Multiple recent disclosures of US air traffic controllers sleeping while on duty has forced the US FAA to change controller scheduling practices to allow more time between shifts.
The incidents began with a widely-reported event at Washington National airport in which flights tried to contact a sleeping controller for roughly 15 minutes while trying to land at the facility. FAA is investigating two other incidents of unresponsive controllers that emerged as it was reviewing staffing levels and controller behaviour after the National incident.
On 13 April a controller reportedly fell asleep at Reno-Tahoe International airport while a medical flight carrying an ill patient was attempting to land.
The latest sleeping controller episode occurred on 16 April. FAA suspended a controller in Miami for reportedly falling asleep during the midnight shift. At the time 12 controllers and two managers were on duty.
Following the Miami incident FAA issued new scheduling rules for controllers, requiring a minimum of nine hours between shifts, up from current minimums of eight hours. Controllers are now prohibited from swapping shifts unless they have had a minimum of nine hours off between the last shift worked and the one they'd like to staff.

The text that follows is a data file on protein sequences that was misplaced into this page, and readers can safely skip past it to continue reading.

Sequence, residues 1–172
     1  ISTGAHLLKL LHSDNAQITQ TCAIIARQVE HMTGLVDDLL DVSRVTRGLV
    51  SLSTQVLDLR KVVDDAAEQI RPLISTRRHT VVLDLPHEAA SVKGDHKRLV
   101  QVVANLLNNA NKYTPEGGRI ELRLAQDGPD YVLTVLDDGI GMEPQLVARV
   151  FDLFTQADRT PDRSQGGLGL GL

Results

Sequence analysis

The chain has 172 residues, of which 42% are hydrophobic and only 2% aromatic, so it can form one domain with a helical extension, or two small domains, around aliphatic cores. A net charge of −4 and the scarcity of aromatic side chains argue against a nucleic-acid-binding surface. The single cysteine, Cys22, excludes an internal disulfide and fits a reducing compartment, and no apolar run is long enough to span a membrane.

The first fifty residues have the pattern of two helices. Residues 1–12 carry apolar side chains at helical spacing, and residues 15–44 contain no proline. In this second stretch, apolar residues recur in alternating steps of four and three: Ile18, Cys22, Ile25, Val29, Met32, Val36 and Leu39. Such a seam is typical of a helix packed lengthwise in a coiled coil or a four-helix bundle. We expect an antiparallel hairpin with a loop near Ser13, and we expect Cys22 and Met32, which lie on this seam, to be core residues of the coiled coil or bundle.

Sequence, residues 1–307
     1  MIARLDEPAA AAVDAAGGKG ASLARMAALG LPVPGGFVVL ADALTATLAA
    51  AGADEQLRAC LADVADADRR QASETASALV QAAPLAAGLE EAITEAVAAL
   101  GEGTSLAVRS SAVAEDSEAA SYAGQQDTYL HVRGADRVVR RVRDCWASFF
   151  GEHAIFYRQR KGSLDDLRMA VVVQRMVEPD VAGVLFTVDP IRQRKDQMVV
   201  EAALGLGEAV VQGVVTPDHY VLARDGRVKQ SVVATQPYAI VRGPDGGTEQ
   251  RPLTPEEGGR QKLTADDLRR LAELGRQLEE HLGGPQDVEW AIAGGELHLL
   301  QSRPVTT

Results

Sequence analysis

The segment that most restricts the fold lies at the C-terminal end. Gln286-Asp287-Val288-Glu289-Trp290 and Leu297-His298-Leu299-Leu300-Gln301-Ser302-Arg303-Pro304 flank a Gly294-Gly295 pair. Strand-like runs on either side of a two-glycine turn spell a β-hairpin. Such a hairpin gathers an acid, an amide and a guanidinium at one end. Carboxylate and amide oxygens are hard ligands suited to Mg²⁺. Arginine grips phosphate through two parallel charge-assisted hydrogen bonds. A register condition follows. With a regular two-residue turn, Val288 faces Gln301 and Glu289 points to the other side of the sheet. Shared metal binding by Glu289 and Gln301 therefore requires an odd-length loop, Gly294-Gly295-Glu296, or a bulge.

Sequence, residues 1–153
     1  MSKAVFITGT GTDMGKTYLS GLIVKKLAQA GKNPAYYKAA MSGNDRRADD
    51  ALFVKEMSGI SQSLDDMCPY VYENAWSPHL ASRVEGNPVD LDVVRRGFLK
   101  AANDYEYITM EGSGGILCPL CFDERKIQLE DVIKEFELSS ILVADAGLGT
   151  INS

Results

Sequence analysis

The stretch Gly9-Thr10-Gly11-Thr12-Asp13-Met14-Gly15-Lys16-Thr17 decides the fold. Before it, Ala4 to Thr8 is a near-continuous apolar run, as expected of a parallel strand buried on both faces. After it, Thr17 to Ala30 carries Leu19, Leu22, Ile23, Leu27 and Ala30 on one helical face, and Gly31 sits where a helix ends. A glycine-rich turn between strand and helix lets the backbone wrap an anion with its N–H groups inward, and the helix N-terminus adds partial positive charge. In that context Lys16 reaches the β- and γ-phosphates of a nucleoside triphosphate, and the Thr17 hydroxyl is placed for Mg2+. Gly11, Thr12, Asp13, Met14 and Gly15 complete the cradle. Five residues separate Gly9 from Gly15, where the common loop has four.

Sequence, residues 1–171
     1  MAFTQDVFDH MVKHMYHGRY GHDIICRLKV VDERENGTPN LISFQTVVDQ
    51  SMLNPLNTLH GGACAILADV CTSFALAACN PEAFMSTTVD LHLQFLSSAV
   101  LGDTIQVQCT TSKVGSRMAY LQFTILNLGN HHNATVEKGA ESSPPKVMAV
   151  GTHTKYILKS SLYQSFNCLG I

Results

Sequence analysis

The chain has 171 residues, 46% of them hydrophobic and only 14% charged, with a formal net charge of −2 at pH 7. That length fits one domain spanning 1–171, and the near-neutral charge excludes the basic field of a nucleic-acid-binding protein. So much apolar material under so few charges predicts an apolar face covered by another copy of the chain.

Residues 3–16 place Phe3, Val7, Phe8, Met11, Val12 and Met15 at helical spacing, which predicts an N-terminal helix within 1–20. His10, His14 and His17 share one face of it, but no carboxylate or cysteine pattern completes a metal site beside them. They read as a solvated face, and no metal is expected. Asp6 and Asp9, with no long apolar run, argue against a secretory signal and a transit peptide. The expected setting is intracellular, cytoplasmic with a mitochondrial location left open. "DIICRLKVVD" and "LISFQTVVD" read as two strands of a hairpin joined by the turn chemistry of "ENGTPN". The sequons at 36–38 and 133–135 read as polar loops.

Additionally, controllers are no longer allowed to switch to an unscheduled midnight shift following a day off, and FAA managers are required to schedule their own shifts to ensure greater coverage in the early morning and late night hours.
The fallout from the high profile events triggered the resignation of the head of FAA's air traffic control organisation (ATO) Hank Krakowski on 14 April.
Other actions FAA unveiled include an independent review of the air traffic control training curriculum and qualifications to ensure controllers are properly prepared.